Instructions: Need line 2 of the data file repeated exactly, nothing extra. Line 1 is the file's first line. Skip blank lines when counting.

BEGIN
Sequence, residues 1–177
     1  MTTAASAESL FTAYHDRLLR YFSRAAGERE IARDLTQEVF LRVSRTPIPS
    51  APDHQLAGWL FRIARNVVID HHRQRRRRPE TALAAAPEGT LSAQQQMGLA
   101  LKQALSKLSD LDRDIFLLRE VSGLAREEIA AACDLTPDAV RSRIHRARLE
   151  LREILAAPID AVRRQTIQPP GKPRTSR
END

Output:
     1  MTTAASAESL FTAYHDRLLR YFSRAAGERE IARDLTQEVF LRVSRTPIPS